The story concentrates on the social re-adjustment of three World War II servicemen, each from a different station of society. Al Stephenson returns to an influential banking position, but finds it hard to reconcile his loyalties to ex-servicemen with new commercial realities. Fred Derry is an ordinary working man who finds it difficult to hold down a job or pick up the threads of his marriage. Having had both hands burnt off during the war, Homer Parrish is unsure that his fiancée's feelings are still those of love and not those of pity. Each of the veterans faces a crisis upon his arrival, and each crisis is a microcosm of the experiences of many American warriors who found an alien world awaiting them when they came marching home.Written by
According to his biographer A. Scott Berg, producer Samuel Goldwyn re-released the film in a modified format to play on wide screens. It opened with all the hoopla of a new picture, including a gala premiere in Washington, DC, on February 3, 1954, with Sherman Adams, five Supreme Court justices, two cabinet members and 24 senators in attendance. There was a $250,000 campaign advertising it as "The Most Honored Picture of All Time". The film grossed another $1 million. See more »
The scene at Butch's, when Al introduces his wife and daughter to Fred and Homer, he refers to Dana Andrews as Homer and Harold Russell as Fred. This was intended as a consequence of Al being drunk. See more »
You gotta hand it to the Navy; they sure trained that kid how to use those hooks.
They couldn't train him to put his arms around his girl, or to stroke her hair.
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Only twelve cast members are listed in the opening credits. Cathy O'Donnell receives an "and introducing" credit before her name. Victor Cutler, who plays Woody, is listed last in the opening credits but does not appear in the cast list of 23 names in the end credits. See more »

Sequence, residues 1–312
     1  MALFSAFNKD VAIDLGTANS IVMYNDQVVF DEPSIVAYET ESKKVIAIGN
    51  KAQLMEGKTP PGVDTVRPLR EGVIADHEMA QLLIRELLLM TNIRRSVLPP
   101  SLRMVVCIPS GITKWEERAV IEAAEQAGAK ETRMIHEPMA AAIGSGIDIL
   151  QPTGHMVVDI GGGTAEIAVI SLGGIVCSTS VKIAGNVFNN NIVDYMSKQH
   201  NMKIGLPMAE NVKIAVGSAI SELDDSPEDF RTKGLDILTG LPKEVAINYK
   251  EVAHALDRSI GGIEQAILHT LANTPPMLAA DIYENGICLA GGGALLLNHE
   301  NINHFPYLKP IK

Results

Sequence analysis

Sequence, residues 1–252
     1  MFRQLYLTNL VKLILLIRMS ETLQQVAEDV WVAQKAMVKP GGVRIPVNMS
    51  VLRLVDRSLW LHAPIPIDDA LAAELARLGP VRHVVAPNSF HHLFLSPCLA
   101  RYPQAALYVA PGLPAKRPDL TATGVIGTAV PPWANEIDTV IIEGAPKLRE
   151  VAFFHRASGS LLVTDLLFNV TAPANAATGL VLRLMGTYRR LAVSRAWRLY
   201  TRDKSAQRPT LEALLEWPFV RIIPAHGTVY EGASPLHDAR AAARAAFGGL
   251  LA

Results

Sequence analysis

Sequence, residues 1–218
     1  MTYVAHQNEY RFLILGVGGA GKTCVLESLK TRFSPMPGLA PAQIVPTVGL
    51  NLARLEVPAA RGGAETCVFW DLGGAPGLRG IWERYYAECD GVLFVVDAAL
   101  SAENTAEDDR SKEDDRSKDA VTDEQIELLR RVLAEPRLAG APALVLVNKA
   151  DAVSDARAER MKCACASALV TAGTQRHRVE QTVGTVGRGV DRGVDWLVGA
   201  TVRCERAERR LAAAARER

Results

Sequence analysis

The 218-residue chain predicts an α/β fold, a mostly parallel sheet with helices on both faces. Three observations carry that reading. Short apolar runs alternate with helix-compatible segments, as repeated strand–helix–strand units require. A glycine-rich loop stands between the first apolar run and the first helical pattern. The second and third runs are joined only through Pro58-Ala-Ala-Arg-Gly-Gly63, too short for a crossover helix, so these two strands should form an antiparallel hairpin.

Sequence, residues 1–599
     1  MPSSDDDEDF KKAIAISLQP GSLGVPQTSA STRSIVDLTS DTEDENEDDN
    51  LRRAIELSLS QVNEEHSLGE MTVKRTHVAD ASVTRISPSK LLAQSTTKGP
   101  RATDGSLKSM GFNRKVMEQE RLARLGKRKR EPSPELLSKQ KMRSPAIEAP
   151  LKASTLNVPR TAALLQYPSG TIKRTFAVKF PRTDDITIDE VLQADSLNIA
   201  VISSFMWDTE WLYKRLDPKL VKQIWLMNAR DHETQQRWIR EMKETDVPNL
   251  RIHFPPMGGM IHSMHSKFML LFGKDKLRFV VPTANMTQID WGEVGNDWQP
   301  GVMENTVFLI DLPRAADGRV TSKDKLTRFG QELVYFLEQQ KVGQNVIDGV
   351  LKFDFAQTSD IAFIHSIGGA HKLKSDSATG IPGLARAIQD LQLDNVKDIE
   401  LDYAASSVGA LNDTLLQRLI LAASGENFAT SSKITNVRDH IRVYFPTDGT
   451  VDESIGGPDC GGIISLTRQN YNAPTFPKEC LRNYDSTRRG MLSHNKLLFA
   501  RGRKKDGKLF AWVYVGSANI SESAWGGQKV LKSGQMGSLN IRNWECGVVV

The film was modified to play on a wide screen and reissued on February 3, 1954. See more »
Forgotten now that it was mildly controversial in its day
My parents were of that generation, and the movie was cathartic for returning veterans and their families and friends; it's small wonder that it eclipsed <i>It's A Wonderful Life</i>, which arguably is a better picture. But at the time, the movie had some shocking elements to it. In fact, my mother (roughly the character Peggy's age then) saw it against her parents' wishes.
Back in 1946, it was a jaw-dropper to have a character in a movie utter the word "divorce" or to aver an intent to break up a marriage -- such ideas just weren't voiced in films then. To modern audiences, they come across as melodramatic, but I'm told they elcited genuine gasps from audiences then.
Even more astonishing was William Wyler's decision to cast real-life amputee Harold Russell in the key role of a returning Navy veteran. Until <i>The Battle of Britain</i>, in which an actual, disfigured RAF veteran made a cameo appearance, directors didn't make those sorts of courageous gestures. The intimate yet innocent scene in which Homer Parrish (Russell) demonstrates his helplessness to his fiancé Wilma Cameron (Cathy O'Donnell) is beautiful, heartbreaking and uplifting; later, during the wedding scene, Russell stumbled over a line in saying the vows, and Wyler left the humanizing mistake in, God bless him for it.
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